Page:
CFSC publishes a student council handbook for member schools.
1970: Junior High School Conference
In addition to the normal program, the CFSC adds a statewide leadership conference specifically for junior high schools.
1974: District Realignment
The CFSC formalized its structure with 6 districts based on the 6 federal congressional districts in Connecticut.
1977: A New Name
To bring its name into conformity with the other states, the CFSC becomes the Connecticut Association of Student Councils. (CASC)
1980’s: A New Crest
Taking inspiration from the 1981 rebrand of NASC, CASC adopted for the first time a crest of its own with the map of Connecticut over an oval globe.
1995: Dale Hawley Award
In recognition of their longtime director of Student Activities, NASC created the “Dale Hawley Award.” Allowing states to recognize outstanding students.
1998: On the National Stage
For his work with the students at Woodstock Academy, Al Cormier, then Executive Director of CASC, is recognized by NASC as the Warren Shull Adviser of the Year for his exemplary character, leadership, and commitment to young people and their development as student leaders.
2001: NASSCED Recognition
Ron Nedovich, former CASC Executive Director (1974-1998) is recognized as a Lifetime Members of the National Association of State Student Council Executive Directors (NASSCED) following a distinguished career of faithfully serving students and advisors in Connecticut
2003: Ron Nedovich Award
In recognition of Ron Nedovich, its longest serving Executive Director, CASC rebrands its advisor of the year award as the “Ron Nedovich Advisor of the Year Award.”
2009: On the National Stage, again
Sarah Jones, then Executive Director of CASC, is the first person to receive the Keeper of the Flame Award from NAWD. (NA4SA)
2011: Hosting a National Conference
CASC hosted the NASC/NHS LEAD Conference at the Stamford Marriott.
2019: New Districts and Events Added to CASC Calendar
CASC joins the digital age with its own social media accounts on Twitter (X) and Instagram. A revised version of the crest is introduced for use on social media. On May 31, the first “Adventures in Leadership” event was held at Winding Trails in Farmington. In September, the newsletter returns and the first “President’s Luncheon” event is held at CAS in Cheshire. Also announced in September is the return of Districts with the state reorganized as Eastern, Central and Western districts.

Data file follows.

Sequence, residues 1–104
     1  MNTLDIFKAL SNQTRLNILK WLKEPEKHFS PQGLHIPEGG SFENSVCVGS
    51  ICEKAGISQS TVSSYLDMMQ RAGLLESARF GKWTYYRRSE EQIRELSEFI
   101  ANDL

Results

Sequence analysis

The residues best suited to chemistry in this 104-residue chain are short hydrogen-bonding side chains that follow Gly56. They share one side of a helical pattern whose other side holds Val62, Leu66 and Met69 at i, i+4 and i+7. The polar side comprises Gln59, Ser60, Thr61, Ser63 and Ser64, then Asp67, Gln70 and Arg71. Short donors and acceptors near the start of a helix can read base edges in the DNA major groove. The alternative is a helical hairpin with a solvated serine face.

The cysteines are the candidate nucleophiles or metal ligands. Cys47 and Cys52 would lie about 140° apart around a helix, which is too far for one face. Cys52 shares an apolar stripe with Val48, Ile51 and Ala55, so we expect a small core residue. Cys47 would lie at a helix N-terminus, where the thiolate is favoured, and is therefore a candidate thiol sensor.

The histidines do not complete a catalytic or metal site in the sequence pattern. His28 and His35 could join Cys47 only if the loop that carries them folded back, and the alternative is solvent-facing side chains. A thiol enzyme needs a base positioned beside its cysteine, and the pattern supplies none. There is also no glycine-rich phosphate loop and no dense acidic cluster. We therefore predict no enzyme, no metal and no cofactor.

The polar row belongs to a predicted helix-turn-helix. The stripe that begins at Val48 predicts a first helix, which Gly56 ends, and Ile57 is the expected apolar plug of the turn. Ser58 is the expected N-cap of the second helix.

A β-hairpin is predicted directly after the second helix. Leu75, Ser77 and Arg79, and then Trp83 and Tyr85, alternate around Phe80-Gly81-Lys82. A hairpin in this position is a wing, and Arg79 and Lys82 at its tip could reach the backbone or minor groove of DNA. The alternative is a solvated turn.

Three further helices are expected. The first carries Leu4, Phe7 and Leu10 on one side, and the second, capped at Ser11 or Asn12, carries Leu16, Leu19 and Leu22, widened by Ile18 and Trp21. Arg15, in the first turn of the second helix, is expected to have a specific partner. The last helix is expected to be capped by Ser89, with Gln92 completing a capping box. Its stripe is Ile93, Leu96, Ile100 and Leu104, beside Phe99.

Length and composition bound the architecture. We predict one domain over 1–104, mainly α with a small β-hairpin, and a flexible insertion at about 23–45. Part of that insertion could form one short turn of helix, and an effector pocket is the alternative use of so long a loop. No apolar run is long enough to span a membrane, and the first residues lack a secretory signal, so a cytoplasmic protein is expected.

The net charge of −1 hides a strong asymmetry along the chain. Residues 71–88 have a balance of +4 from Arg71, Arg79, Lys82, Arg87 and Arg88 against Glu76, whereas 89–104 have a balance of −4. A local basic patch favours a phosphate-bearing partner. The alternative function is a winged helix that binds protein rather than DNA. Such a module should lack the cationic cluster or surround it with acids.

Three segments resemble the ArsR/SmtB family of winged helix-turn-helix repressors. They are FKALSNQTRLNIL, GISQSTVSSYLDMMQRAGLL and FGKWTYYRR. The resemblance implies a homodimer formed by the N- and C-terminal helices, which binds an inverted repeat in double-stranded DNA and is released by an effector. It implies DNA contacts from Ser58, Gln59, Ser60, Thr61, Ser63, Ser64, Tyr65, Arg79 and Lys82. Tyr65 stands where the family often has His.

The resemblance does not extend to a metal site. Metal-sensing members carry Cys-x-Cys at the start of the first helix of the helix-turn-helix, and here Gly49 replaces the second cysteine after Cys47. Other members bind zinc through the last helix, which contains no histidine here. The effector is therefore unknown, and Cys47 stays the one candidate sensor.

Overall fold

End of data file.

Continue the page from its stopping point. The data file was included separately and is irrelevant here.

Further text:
Spring Convention becomes the first event in Connecticut shut down due to COVID-19 lockdowns. “Adventures in Leadership” was canceled and the association moved online. Due to COVID restrictions, the President's Luncheon became the President's Symposium and is our first virtual function.
2021: Lockdowns and Expansion
Virtual meetings and events, including a virtual Convention, Adventures in Leadership and President’s Symposium. The Executive Board is reorganized before Convention to include District Schools and appointed staff positions. In November the Central District was broken into the Northern and Southern Districts so that all districts had the same number of schools in them.
2022: 70 Years and the Return to Live Activities
Live Board meetings return. CASC celebrates 70 years of leadership in Connecticut, to commemorate this milestone, CASC holds a year long competition to adopt a new crest and color scheme which unveiled at its virtual Convention. In May “Adventures in Leadership” became the first live event hosted by CASC since the beginning of COVID19. In September CASC began the process of writing a new Constitution and Bylaws.
2023: CASC Closes 70th Anniversary
In cooperation with the Non partisan staff of the Connecticut General Assembly CASC hosts its first “Mock Legislative Session Day.” CASC also closes out its 70th year anniversary with the first live Convention since 2019. Constitution and Bylaws are adopted at the Convention formalizing the structure of the association and introducing the associations general assembly as well as state wide committees.
2024: New Programs added
Two new programs are added to CASC, a Certified Student Workshop presenter program as well as a Mental Health night.
CASC has come a long way since 1952 and we continue to grow each year.
1952-1953:: Arthur W. Kaircott, Glastonbury High School, Glastonbury
1953-1955:: Joseph J. Feher, Seymour High School, Seymour
1955-1960:: Martha L. Hanf, Hartford High School, Hartford
1960-1961:: Kenneth R. Petersen, Andrew Warde High School, Fairfield
1961-1964:: Russell T. Harrington, Edwin O. Smith School, Storrs
1965-1969:: B. Audrey Dayton, Farmington High School, Farmington
1969-1973:: Raymond A. Paul, Bristol Eastern High School, Bristol
1974-1998:: Ratomir ``Ron'' Nedovich, Avon High School, Avon
1998-2002:: Al "Chief" Cormier, Woodstock Academy, Woodstock
2002-2005:: Mary Leger, East Hartford High School, East Hartford
2005-2012:: Sarah Jones, Manchester High School, Manchester
2012-2018:: Jennifer Buckley, CAS, Cheshire
2018-2019:: Russ Crist, Farmington High School, Farmington
2018- Present:: Christopher H. Tomlin, Woodland Regional High School, Beacon Falls